Septuplets' mom goes home
Second baby weaned off ventilator
November 23, 1997
Web posted at: 7:24 p.m. EST (0024 GMT)
DES MOINES, Iowa (CNN) -- Four days after giving birth to the
world's first surviving septuplets, Bobbi McCaughey went home
from the hospital Sunday.
McCaughey slipped quietly out of the hospital, without media
attention. Hospital officials said she wanted her departure
to be private. She later walked slowly and unaided into the
family's home in Carlisle, a small town about 10 miles from
Also Sunday, another of the babies, Joel, was taken off of a
ventilator and upgraded to fair condition.
Shortly after the babies were born, Joel, who made his
entrance into the world last, slipped into critical
condition, suffering from blood loss. But he recovered from
that setback and Sunday became the second baby to begin
breathing completely on his own.
Kenneth, the first and strongest baby, came off his
ventilator Friday and took food orally for the first time
Saturday. The other five babies are listed in serious
condition and are still being assisted by ventilators.
"Last week, we had very high expectations for these babies,
and to this point, they have fulfilled all of those
expectations remarkably well," Dr. Robert Shaw, director of
the Iowa Methodist Medical Center, said Sunday on CBS's "Face
Dionne quints offer warning
But amid all the media hoopla surrounding the McCaughey
babies, the three surviving members of perhaps North
America's most famous set of multiples, the Dionne
quintuplets, warned the McCaughey parents against the perils
"Multiple births should not be confused with entertainment,
nor should they be an opportunity to sell products," wrote
Annette, Cecile and Yvonne Dionne in an open letter published
in the latest edition of Time magazine.
"We three would like you to know we feel a natural affinity
and tenderness for your children. We hope your children
receive more respect than we did."
The identical Dionne quints were born to a French-Canadian
couple in 1934 in Corbeil, Ontario. They were separated from
their parents for years and exhibited as a tourist
attraction, earning millions of dollars for the Ontario
Only three of the quintuplets, now 63, are still alive. They
asked Time to print their letter, saying their lives were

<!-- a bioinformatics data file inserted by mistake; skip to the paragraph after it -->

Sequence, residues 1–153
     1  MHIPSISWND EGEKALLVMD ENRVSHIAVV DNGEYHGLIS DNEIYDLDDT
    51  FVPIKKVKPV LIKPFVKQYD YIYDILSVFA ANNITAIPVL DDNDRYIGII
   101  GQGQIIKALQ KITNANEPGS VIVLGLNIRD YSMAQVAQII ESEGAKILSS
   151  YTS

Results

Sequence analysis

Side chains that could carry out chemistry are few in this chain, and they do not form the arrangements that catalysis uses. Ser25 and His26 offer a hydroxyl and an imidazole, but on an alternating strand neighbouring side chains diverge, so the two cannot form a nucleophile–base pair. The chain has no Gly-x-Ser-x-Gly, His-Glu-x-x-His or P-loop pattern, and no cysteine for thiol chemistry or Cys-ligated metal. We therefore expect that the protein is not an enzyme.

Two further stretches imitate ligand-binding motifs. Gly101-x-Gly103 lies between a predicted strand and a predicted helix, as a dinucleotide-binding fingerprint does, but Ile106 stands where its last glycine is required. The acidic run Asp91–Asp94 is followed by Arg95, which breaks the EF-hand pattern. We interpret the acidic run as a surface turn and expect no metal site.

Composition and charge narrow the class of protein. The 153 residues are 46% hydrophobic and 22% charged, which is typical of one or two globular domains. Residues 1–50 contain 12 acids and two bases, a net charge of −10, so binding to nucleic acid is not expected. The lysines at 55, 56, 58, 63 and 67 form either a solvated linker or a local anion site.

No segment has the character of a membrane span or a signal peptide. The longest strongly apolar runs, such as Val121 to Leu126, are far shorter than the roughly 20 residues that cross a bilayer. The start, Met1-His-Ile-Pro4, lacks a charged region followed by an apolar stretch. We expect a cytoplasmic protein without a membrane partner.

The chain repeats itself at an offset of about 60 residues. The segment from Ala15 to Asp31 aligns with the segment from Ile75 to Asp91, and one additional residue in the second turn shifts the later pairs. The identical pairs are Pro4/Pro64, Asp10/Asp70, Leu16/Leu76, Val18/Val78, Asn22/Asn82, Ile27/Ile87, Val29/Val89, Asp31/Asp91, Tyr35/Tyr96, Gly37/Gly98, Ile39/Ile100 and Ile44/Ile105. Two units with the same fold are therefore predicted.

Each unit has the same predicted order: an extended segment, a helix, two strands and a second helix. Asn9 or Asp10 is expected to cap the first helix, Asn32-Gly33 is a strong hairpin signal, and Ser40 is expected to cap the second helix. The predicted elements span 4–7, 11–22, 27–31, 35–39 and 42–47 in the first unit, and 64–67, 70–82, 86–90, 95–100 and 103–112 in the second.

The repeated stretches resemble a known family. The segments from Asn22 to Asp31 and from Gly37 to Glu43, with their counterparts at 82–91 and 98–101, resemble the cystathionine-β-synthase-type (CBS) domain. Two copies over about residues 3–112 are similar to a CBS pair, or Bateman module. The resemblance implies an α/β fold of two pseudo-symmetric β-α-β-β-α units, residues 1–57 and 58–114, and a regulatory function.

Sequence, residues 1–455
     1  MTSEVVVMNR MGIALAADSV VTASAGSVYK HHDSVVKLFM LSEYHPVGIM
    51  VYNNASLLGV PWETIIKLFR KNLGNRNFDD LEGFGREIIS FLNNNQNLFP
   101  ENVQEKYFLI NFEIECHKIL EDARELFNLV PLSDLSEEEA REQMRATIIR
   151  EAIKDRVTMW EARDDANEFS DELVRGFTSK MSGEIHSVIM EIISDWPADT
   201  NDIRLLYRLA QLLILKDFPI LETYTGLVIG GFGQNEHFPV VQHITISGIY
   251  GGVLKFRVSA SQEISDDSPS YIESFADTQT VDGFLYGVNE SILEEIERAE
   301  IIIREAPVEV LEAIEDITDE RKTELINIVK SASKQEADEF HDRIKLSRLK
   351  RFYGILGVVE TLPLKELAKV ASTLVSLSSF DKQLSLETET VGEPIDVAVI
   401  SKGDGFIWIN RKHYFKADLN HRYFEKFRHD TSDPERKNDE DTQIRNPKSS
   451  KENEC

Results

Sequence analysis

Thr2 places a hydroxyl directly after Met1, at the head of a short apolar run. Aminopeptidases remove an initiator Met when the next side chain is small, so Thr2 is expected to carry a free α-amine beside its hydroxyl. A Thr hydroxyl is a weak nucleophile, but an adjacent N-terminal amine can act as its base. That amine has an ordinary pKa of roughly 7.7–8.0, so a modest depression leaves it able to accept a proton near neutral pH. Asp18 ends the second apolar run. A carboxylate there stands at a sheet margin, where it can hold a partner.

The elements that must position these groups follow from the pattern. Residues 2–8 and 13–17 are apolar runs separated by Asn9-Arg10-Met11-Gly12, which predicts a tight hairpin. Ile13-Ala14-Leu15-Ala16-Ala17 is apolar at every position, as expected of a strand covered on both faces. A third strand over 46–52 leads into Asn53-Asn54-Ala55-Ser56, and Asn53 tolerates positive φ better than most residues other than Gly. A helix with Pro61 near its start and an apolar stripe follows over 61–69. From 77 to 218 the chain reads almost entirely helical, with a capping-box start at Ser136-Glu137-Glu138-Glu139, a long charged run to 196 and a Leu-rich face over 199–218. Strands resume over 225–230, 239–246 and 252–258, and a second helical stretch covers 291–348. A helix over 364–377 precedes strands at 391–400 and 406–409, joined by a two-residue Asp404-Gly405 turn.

ruined by the exploitation they suffered.
The Dionnes warned the McCaugheys to "beware" of those who
would "seek to exploit the growing fame of these children."
"If this letter changes the course of events for these
newborns, then perhaps our lives will have served a higher
purpose," they wrote.
McCaugheys deluged with offers
The McCaugheys have been deluged with offers to sell their
story. Father Kenny McCaughey said the family is considering
some of the offers as a way to offset the cost of raising the
children, which would likely top $1 million by the time they
are grown. The family is reportedly being encouraged to get
But the McCaugheys, devout Baptists, insist they want to
maintain a degree of privacy and maintain a regular Christian
"I just want to live a normal life. I want these kids to have
a normal family life," Kenny McCaughey said.
On Sunday, about 100 members of the Missionary Baptist Church
in Carlisle, where the McCaugheys worship, gathered to
celebrate the birth.
"Our hearts are so full this morning, we can hardly speak,"
said the Rev. Henry Hepworth of Innisfale, Alberta, who is
Bobbi McCaughey's uncle.
"They're all delicate, but they are so perfect," Hepworth
said. "There's not a bent nose or squashed head in the
More than a dozen reporters scribbled notes through the
service, with reporters and camera crews converging on family
and friends afterward. The family appeared to be growing
weary of the media attention.
"We would like to get back to normal as soon as can be," said
Peg Hepworth, Bobbi McCaughey's mother.
Correspondent Patty Davis contributed to this report.